THIS SPRING, Massachusetts administered its first statewide test for candidates hoping to teach in the public schools. The recent announcement of the results has provoked astonishment and outrage.

Almost 60 percent of the candidates failed. Thirty percent failed a basic test in reading and writing, and the failure rate on subject-matter tests varied from 63 percent in mathematics to 18 percent in physical education.When the results were published, the reactions were predictable: approval from those appalled by the decline in the quality of public schools and howls of complaint from education professionals, including college professors, deans and college presidents.

The greatest controversy surrounded the results of the reading and writing test, since literacy is the essential requirement for the teaching of any subject.

It should not be thought that this examination was excessively demanding. In one section of the test, a short paragraph from the Federalist Papers was slowly read aloud three times as candidates wrote it down.

How could educated people fail to copy accurately what they had heard? It wasn't easy, but scores of applicants managed, recording broken sentences and curious new spellings such as "improbally," "corupt," "integraty," "bouth" (meaning both), "bodyes" and "relif."

The writing test also required the candidates to read two extended passages. They were asked to write a summary of the first and to compose responses to the second, which was an essay on a controversial subject.

The casualties here included grammar, syntax, diction, spelling and logic. Neo-spellings included "belive," "refere," "bured" (burned), "survalence," "serch-ing," "decress"(meaning reduce), "messures" and "invation." (Dan Quayle can relax: He would pass this test with flying colors.)

Some of the sentences would provide material for Jay Leno: "This method of observation should not be aloud under any cercumstances." "They felt their right to privacy was being impared upon."

No responsible person would subject anyone's children, much less his own, to such teachers.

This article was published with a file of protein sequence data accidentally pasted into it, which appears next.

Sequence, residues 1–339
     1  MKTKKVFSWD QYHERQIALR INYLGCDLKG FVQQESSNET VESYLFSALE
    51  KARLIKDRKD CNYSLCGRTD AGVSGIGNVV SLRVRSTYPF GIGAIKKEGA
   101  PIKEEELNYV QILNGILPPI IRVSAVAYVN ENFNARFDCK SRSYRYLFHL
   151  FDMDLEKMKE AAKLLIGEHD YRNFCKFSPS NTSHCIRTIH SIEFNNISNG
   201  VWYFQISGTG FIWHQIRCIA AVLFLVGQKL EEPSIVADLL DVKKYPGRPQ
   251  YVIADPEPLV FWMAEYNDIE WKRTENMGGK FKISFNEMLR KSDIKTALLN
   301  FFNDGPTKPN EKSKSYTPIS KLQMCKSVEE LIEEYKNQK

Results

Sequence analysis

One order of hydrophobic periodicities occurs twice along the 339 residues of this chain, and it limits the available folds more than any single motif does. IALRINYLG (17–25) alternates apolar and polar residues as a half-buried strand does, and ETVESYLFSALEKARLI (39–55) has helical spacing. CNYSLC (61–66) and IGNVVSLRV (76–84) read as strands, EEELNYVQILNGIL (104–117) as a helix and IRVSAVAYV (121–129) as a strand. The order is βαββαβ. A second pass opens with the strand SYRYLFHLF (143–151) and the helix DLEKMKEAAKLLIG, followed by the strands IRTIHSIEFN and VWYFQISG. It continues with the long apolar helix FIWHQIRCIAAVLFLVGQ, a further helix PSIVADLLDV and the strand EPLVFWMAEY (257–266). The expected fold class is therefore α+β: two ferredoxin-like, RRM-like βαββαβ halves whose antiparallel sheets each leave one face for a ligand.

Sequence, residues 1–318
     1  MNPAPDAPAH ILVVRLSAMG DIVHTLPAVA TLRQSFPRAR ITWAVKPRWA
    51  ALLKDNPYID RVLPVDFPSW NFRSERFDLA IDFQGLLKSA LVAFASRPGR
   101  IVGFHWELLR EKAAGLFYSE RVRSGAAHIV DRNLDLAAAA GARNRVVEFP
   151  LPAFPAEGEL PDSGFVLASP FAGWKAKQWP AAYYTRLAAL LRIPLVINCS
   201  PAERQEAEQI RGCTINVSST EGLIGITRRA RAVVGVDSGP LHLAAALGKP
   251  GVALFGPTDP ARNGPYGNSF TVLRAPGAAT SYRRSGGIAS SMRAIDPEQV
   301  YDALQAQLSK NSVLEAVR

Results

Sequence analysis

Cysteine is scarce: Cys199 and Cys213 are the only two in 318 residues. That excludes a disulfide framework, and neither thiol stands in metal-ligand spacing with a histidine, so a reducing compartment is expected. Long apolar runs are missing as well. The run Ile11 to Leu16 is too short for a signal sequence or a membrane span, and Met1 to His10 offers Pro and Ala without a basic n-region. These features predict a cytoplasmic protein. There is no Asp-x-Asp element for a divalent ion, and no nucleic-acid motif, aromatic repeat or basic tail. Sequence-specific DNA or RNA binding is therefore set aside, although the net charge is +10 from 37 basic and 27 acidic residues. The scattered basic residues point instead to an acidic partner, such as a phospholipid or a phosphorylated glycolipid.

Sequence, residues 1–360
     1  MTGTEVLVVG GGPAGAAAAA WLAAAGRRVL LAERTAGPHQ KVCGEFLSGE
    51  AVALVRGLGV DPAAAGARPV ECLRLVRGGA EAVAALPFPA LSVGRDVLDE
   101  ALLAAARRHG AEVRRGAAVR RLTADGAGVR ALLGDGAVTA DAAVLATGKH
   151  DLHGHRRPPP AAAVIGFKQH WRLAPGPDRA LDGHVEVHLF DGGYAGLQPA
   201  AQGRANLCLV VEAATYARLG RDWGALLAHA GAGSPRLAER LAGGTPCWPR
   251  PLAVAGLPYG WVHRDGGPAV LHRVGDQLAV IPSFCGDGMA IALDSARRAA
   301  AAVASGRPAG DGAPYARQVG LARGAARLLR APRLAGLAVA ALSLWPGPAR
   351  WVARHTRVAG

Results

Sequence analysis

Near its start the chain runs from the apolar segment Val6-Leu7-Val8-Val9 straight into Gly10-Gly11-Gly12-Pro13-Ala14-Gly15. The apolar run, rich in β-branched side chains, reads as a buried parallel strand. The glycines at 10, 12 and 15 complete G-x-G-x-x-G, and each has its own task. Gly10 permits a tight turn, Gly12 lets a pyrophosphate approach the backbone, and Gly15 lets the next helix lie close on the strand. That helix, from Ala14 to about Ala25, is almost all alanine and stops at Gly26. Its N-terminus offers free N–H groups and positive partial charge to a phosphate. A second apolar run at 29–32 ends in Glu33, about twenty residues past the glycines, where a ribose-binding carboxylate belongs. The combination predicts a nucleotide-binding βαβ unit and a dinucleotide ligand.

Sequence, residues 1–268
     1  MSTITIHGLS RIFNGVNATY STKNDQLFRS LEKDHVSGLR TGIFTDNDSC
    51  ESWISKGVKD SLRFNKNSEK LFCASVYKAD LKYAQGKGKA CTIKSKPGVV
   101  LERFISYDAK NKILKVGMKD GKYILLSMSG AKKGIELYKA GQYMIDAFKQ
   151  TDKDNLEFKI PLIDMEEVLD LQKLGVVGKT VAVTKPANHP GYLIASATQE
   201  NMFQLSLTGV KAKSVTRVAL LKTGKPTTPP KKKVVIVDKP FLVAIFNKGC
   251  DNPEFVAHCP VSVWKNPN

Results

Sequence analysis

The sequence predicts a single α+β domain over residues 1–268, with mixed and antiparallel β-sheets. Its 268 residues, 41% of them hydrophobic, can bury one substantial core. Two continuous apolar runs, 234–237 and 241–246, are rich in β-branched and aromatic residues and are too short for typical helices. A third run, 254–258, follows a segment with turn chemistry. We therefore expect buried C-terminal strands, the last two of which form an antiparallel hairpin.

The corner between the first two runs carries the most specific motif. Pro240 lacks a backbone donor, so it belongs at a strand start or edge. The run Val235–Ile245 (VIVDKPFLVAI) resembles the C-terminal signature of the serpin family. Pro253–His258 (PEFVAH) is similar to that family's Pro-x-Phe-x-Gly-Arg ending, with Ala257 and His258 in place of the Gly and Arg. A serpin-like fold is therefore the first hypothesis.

The dismal results have led some to fault the test, claiming it had not been validated. In fact, it was validated by the teachers and scholars who prepared it, all experts in the areas being tested. Whenever they found a question to be defective, they proposed alternatives. When important issues or concepts were missing, the advisers added them.

The exams were validated again by the panels of distinguished teachers, administrators and college professors who reviewed the questions for fairness and agreed on minimal passing scores. For example, to pass the various sections of the reading and writing test, applicants needed to get 71 to 78 percent of the answers right, a "C" average.

Some critics have said the tests were racially biased. The statistics show otherwise: 21 percent of blacks, 23 percent of Asians, 24 percent of Hispanics and 31 percent of whites were successful in answering 89 percent or more of the items correctly. These variations are insignificant, and the slightly higher success rate for whites can more than adequately be explained by socioeconomic factors.

Others objected that no test can prove that a person will be a good teacher. True enough. But the failure to pass a test can prove that one is incompetent to teach. One cannot competently teach what one does not know.

Another objection was that no study guide was provided. But why should those qualified to become professional teachers need a guide on how to study for a test in English or in a basic subject in which they have specialized?

The results were not surprising because they are similar to those in other states where comparable tests have been given. The controversy over the test has obscured the real story, which is that so many prospective public school teachers failed a test that a bright 10th-grader could pass without difficulty.

This is a telling indictment of higher education in America. Professors routinely complain about the illiteracy of freshmen. Many other instructors, however, contribute to the problem by being overly generous in their grading. Grade inflation has reached the point where even outstanding students accepted at the best law schools are often deficient in writing skills and need remedial courses.

Nowhere are standards lower than in schools of education. In 1997, the average combined SAT score for all students was 1,016. But those hoping to become teachers scored only 964, 5.1 percent below the national average.

By raising, over 20 years, the average score of entering education fresh-men to 1,227 - 20 percent above the national average - Boston University was forced to reduce the freshman class from 400 to 100 and forfeited about $35 million in lost tuition. Few colleges and universities are willing to pay so steep a price to uphold standards.

One way to compensate for low scores among prospective teachers is to offer extensive remedial work and impose rigorous standards. But that rigor is rarely found in schools of education. On the contrary, most have standards so low that they repel the highly qualified students who are desperately needed in our schools.

Few intelligent people are so dedicated to teaching that they will endure the mindless courses and textbooks in schools of education. Grading there is typically easy, and many graduates of these programs are ill prepared for the profession of their choice.

America became a literate country before there were any schools of education. We would be justified in demanding that schools of education either raise their standards or shut their doors.